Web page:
Unfortunately I know nothing about the Act you speak of. Remember, the debt is not gone - only the ability to collect from mom would be if not reaffirmed. I started to type that my gut says the debt must be reaffirmed but I erased it as, I just don’t know. Your mom certainly would not lose any right to reinstate the loan to stop a foreclosure (but for that pesky case that says you cant “stay and pay” - which I think only applies if the lender insists). I am not even sure a local attny can answer your question as it relates to the Act. Quite frankly, but for your post, I have never heard of it.

                      Sorry that I am useless in this matter.

                      Des.
                      Thanks, Des!

                      Hey, you're NEVER useless!!

                      We certainly wouldn't mind reaffirming if that's what it takes to make 100% sure that we can keep the house while making payments on time. I just wanted to make sure that our intention to reaffirm would already be enough to secure the house even if the judge would disallow or the lender wouldn't finalize the reaffirmation. I mean, as a borrower, my mother would have done everything she can to reaffirm but but in the end, she can't influence what the judge decides or the lender does. It would be strange to lose a home due to non-reaffirmation if a judge or lender would be to blame that there was no reaffirmation in the first place.

                      As far as the Act goes, it's basically the regulation that a close relative can take over a mortgage as long as he/she is living in that property. As you know, many mortgages have a "due on sale"-clause that would be triggered if the borrower dies. However, after this act was introduced, these clauses were void if a close family-member (husband/wife, child) living in that property would continue making timely payments. That's why I was curious if it made a difference in regards to this act if the mortgage was reaffirmed or not. If it was indeed reaffirmed, I'm sure the act would apply - I'm just not sure what happens on a discharged mortgage. I would assume the act applies as well - but what I do not know is what's going to happen to the personal liability. The lien would certainly stay under any circumstances.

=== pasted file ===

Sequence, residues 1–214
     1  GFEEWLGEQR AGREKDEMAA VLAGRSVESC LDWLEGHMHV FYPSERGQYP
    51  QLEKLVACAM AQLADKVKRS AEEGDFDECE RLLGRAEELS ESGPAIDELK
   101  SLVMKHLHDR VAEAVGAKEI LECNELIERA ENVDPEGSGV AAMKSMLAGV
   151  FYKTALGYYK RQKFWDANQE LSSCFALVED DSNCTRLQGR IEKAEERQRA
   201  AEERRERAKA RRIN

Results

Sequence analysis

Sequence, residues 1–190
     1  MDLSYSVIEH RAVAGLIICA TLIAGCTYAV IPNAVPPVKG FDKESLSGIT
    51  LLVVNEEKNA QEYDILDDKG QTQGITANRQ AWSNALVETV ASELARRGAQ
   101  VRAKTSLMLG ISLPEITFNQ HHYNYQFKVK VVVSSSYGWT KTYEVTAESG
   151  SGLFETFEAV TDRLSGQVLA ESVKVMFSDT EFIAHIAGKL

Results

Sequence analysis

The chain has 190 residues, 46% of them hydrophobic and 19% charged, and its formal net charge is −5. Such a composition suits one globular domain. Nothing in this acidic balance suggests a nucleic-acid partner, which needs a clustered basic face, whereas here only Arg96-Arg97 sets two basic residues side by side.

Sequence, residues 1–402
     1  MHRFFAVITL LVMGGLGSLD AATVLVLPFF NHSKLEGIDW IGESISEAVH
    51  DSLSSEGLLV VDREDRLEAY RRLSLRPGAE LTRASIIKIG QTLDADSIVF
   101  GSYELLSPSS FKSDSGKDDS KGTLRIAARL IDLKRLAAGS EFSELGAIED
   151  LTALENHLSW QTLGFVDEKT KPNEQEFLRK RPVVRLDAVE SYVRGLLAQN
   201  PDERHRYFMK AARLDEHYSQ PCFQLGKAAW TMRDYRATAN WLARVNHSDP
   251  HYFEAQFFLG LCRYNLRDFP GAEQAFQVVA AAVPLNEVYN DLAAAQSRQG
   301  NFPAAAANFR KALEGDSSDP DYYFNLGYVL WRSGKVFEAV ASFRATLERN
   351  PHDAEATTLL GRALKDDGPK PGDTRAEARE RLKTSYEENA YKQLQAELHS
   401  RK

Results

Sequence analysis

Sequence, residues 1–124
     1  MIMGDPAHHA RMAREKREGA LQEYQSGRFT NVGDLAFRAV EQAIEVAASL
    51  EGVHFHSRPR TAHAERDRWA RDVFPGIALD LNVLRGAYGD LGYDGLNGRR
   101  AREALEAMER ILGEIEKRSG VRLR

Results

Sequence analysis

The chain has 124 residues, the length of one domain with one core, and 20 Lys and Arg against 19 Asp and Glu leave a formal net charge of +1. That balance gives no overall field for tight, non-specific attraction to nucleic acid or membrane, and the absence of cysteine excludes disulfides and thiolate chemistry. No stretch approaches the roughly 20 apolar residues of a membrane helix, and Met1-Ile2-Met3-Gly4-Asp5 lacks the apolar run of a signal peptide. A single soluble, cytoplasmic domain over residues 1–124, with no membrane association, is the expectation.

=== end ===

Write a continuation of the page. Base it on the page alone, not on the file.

http://www.ehow.com/info_7743647_hap...ower-dies.html

                      "In 1982, the Garner-St. Germain Depository Institutions Regulation Act included provisions that prohibited lenders from exercising the due-on-sale clause under a several circumstances. These include transfers to a spouse or child who will live in the residence, to a surviving joint tenant or to a spouse or child in a court-ordered divorce settlement. The debt is still tied to the property, but the new owners in these circumstances are allowed to assume the mortgage."
                      Last edited by IBroke; 09-13-2012, 08:54 PM.
                      Filed CH7 9/24/2010, 341 on 10/28/2010, Disch.&Closed: 1/6/2011. FICO EX: 9/2: 672.
                      FICO EQ: pre-filing: 573, After BK Public Record: 568, 10/3: 673.
                      FICO TU: pre-filing: 589, After BK Public Record: 563, 9/2: 706.

                      Comment


                        "In 1982, the Garner-St. Germain Depository Institutions Regulation Act included provisions that prohibited lenders from exercising the due-on-sale clause under a several circumstances. These include transfers to a spouse or child who will live in the residence, to a surviving joint tenant or to a spouse or child in a court-ordered divorce settlement. The debt is still tied to the property, but the new owners in these circumstances are allowed to assume the mortgage."